Saturday, September 6, 2008

Character Changes and Growth -- Sept. 06, '08

In the Odyssey, which spans 20 years, Ulysses driving force is to return home with his beloved Penelope. Tucking the disastrous Trojan war into one corner--to which conflict Ulysses didn't want to join in the first place, but he was tricked. As king of Ithaca, subject to the vow of all for one, he had to back up any war declared by any Greek king. King Agamemnon's brother Menelaus lost honor when Helen ran off with Prince Paris of Troy. Only blood would wash away the dishonor.

Ulysses feigned madness to get out of going to the war. Having yoked a donkey and an ox to his plow, he plowed a field with salt--basically killing anything for further growth for years until the salt left the earth. Palamedes, at Agamemnon's request, figured wily Ulysses was feigning. He placed Telemachus, Ulysses's infant son in the way of the plow. Ulysses stopped and admitted his madness was a ruse. He went to war.

Ulysses' Trojan horse idea ended the decade-long conflict, but getting home took another ten years. Blinding the Cyclops, Polyphemus caused his delay as the Cyclops are sons of Poseidon. The sea god followed his blinded son's request for vengeance and Ulysses came home alone, all his men dead, having lost everything.

Did Ulysses change? He started out not wanting war, he tried everything to avoid it, but when the time came, his ideas changed the course for the Argive victory. He was no coward, but he knew there are other ways of changing things than killing and killing. In that he was right, up to a point.

Ulysses came home nearly naked, scarred, unrecognizable except by his old dog who died at his feet. His old nurse knew him by this. He took his son into his confidence.

Penelope was besieged by suitors who had insisted she take a husband rather than wait on a dead man. His son, still a minor, was treated like a servant and not as his father's heir. Ulysses disguised as an old man by Athena, noted the dishonor of these men to him as a king and to Penelope as their queen.

Penelope had tried to hold them off by weaving a shroud for Ulysses during the day, unraveling the threads at night. This worked until a maidservant betrayed her mistress and the loom was broken, the shroud burnt. Meeting the old man who gave a loving account of Ulysses quest to get home, Penelope made a decision. If any man could bend and string Ulysses' bow, and send an arrow through the eyes of a dozen axe heads, he would be king and have her as his queen, along with all the lands and wealth Ulysses' had.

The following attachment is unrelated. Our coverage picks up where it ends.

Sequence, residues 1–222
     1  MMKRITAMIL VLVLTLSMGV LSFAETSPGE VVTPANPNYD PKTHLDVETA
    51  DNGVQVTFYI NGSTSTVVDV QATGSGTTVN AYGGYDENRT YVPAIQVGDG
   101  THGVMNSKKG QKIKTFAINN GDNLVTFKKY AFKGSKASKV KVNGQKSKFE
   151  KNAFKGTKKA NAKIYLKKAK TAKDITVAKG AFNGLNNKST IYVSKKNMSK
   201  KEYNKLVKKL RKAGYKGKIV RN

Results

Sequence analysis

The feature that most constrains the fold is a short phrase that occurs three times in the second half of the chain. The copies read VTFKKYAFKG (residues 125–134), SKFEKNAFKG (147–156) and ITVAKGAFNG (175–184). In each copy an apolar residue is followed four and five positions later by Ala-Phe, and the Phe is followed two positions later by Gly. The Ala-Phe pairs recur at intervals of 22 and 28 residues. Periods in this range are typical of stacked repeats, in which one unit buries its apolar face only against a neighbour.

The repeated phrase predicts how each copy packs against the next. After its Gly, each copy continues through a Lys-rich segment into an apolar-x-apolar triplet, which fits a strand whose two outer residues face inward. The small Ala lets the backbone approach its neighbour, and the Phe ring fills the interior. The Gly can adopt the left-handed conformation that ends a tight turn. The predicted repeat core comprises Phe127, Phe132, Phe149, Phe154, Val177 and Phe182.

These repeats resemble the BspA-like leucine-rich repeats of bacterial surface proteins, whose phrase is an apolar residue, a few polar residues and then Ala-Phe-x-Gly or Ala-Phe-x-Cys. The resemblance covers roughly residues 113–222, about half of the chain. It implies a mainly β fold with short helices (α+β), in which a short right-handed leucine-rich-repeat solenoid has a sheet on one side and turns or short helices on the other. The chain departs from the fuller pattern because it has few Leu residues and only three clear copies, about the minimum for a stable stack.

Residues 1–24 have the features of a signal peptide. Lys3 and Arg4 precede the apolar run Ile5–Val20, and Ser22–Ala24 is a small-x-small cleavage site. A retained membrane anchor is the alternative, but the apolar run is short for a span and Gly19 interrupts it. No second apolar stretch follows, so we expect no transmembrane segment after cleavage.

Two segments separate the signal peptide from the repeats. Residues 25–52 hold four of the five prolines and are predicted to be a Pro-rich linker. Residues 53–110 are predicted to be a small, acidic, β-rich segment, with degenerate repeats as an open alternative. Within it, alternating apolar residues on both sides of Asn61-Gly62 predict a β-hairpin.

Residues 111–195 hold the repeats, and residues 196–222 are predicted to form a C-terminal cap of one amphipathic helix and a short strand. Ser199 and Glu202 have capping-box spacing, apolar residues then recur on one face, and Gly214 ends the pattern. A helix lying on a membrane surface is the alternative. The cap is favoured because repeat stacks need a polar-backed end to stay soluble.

Penelope had it set it up, she also had all weapons removed from the rooms, then she and her maids and household locked themselves away. The suitors mocked the dead king and each boasted of having his queen. No man had Ulysses' strength and all declared the bow cursed and the task undoable. The old stranger nocked the sting, he sent the shaft true. The noble suitors turned to kill him, Athena's guise fell away. Ulysses paid back the foul deeds and the greedy suitors in blood, returning honor to his home.

Did Ulysses change? All he wanted from the get go was to be with his family. He tried to make peace before the war, he tried not going, he tried faking madness, he followed Agamemnon and did all he could to end the conflict, because he wanted to go home.

Despite the action, the adventures, the angst, that's secondary to Ulysses' motive, his goal, of being with his wife and son. Of course this discounts Ulysses screwing around with women captives, or Circe, or Calypso. Despite these dalliances, Ulysses wanted home above all.

The character changes no matter what--whether we plan on them having a 'duh' moment or a life-shattering epiphany. By the end of the book, they've gone through some medium to heavy duty sh*t and that's been stretched out over days or decades.

A major assh*le can ease off a little or become even worse and out villain the villain. A person with a sunny disposition can fall into stupor or become psychotic with a 'god wants it that way' approach to everything, denying any responsibility for her life. One character can believe something about herself even more so: I'm not lovable becomes why should I try anymore. Or the MC builds shells around herself with each disappointment, and even each victory, as if she didn't deserve what came. By getting harder inside she's stronger for an even more fateful outcome later.

Frodo found an inner strength he didn't know he had.

Little Red Riding Hood--in a lighter version--nearly lost her beloved Granny if the woodcutter hadn't stopped by to chop up the wolf.

Change will happen, that's the nature of change.

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